What makes a media release effective?

Ryan Tippet | May 16, 2023

Sending a media release out into the world can be a great way to raise your business’s profile, draw attention to an issue, or announce something to the public.

But what exactly is a media release? And what makes one effective?

When you’ve got news to share or a story to tell, here’s how you can do it with a media release.

What is a media release?

A media release, sometimes called a ‘press release’, is an article that an organisation writes in a style similar to a newspaper story and sends to the news media.

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Approaching your media release with a clear vision will give you the best chance of making it into the news. Image by Suzy Hazelwood / Pexels licence

Organisations send media releases when they have something to say. If the news media think the release is interesting enough, they may turn it into a news story.

In other words, a media release is a way to get information out to a wider audience through the news. People see news media as a good source of information, so this approach adds legitimacy and importance to your communications.

Visit Scoop.co.nz’s website to see examples of media releases in New Zealand.

What should a media release look like?

Use short, sharp sentences and paragraphs. Aim to fit your media release onto one page.

Like a good newspaper story, an effective media release should:

Give your media release an attention-grabbing news hook

The news hook is the key piece of information that makes a release newsworthy. The headline usually captures the hook in a concise and eye-catching way.

Lots of things can create a news hook. Common news hooks are things that:

The next time you’re reading the paper, watching the news, or listening to a bulletin, ask yourself: ‘What makes these stories newsworthy? Why has the outlet chosen to cover this?’

Use colourful quotes to inject flavour and personality

Colourful quotes add extra flavour to a release while helping to communicate its main messages. Journalists and news editors are drawn to colourful quotes because they add drama and excitement to a news story.

Write quotes in complete sentences that stand on their own. Aim for a tone that’s spoken — not too robotic. And attribute them to a named spokesperson.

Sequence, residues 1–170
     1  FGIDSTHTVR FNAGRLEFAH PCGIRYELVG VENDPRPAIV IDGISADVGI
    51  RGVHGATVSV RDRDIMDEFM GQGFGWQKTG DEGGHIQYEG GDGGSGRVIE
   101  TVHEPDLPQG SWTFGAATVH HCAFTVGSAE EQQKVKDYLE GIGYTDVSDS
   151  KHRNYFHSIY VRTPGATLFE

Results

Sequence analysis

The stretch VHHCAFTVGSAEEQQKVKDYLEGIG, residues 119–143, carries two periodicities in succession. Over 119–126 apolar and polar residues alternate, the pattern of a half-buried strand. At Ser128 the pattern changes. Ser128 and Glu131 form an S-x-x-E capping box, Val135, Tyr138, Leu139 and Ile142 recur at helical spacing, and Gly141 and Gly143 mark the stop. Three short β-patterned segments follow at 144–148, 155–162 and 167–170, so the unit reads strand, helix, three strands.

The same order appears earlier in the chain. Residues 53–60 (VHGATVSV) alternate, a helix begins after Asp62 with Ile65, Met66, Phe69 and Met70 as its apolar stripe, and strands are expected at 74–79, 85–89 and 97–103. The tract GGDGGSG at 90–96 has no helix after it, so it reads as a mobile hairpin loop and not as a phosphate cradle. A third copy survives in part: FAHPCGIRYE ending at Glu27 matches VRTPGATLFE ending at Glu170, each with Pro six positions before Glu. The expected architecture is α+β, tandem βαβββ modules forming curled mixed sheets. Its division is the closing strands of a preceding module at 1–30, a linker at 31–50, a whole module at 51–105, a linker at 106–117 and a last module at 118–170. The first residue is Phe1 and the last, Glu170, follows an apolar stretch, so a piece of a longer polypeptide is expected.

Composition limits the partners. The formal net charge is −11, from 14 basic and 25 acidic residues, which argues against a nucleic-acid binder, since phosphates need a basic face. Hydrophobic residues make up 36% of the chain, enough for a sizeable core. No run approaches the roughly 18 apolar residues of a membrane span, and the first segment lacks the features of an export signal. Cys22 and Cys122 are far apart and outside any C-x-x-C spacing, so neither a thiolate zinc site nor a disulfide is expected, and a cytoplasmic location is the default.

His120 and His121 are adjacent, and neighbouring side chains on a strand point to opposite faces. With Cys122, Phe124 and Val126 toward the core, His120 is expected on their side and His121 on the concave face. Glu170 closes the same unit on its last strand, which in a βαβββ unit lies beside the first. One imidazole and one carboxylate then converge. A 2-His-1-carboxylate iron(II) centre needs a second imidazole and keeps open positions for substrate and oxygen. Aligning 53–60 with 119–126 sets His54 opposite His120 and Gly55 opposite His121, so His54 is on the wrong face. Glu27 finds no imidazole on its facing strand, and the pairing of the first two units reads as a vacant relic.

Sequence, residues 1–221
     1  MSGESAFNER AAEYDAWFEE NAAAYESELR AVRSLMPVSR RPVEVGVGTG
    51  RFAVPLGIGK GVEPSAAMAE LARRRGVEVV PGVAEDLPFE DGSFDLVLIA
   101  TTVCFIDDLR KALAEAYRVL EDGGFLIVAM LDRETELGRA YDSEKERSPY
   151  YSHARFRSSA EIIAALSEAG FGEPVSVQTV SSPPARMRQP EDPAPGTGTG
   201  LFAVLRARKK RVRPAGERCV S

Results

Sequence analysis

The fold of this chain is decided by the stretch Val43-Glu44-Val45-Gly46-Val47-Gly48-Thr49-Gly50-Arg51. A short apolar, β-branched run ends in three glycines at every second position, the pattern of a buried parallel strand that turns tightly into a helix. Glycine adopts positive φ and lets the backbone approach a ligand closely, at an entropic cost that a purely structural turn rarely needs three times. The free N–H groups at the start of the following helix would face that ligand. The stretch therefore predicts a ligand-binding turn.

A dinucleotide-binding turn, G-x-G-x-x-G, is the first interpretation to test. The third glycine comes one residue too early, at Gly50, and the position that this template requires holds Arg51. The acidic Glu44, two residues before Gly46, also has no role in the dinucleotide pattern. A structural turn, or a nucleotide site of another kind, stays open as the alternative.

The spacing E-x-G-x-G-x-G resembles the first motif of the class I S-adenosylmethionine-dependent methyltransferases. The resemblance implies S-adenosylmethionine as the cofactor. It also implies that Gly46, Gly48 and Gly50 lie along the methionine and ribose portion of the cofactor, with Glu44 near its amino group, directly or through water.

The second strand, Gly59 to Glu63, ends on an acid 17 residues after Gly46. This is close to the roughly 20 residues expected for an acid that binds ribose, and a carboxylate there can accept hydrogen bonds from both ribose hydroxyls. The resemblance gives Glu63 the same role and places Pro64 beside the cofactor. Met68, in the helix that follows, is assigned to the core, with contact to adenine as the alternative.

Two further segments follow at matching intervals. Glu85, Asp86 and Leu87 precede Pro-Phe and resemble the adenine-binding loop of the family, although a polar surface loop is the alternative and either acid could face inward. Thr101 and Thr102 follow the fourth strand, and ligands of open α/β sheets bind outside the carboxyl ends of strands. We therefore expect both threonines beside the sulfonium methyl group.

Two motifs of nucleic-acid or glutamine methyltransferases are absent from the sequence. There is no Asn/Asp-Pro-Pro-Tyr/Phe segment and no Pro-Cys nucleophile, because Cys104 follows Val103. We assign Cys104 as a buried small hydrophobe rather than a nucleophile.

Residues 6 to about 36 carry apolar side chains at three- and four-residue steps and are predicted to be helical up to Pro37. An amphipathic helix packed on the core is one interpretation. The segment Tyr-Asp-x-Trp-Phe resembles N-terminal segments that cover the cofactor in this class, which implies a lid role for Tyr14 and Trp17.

Use the inverted pyramid to place key information at the start

One simple way to structure any piece of writing is the inverted pyramid, which puts the most important information first.

A release, like a news story, needs to communicate the key points at the very top, then provide supporting information in decreasing order of importance as it goes on.

Readers will often skim the first couple of sentences of an article — or even just read the headline — and then move on. That includes journalists and editors, who make a snap decision from the first couple of lines about whether to keep reading a release.

How does a media release get picked up?

Once your media release has an attention-grabbing news hook, colourful quotes, and an effective structure, it’s almost ready to send.

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Once you’ve written, finalised, and sent out your media release, the only thing left to do is wait and see if it gets picked up. Image by Wes Hicks / Unsplash licence

Apply the finishing touches

Make sure your media release is accurate and polished. Double-check dates, links, and the spelling of names and locations. Make sure to include an email address and phone number for interested news media to follow up.

Include visually interesting images

If possible, include a photo or two with your media release. An interesting visual component adds a huge incentive for news media to use your release.

Aim for images that are colourful, unique, and have a human element. Include a caption and photo credit too.

Target relevant news media

Send your release, with images, to editors and journalists who might be interested in telling your story. This might be local media, industry publications, or even national outlets.

You can find email addresses to contact online. Where possible, send your release to individuals (rather than generic addresses) and include a brief personal note. Offer to provide more information or an interview if it’s needed.

Send your release early in the day, and be mindful of when a publication goes to print. Give them plenty of time to include your release. The Community Comms Collective maintains an up-to-date list of generic addresses for media organisations all around New Zealand.
Read the list on the Community Comms Collective website

Where can you learn more about media releases?

On Write Online, of course! Try it out free for 7 days:
Sign up on the Write Online website

To learn more about how to write, format, and send media releases, check out our two-part video series:
Hit the Headlines with your Media Release on Write Online

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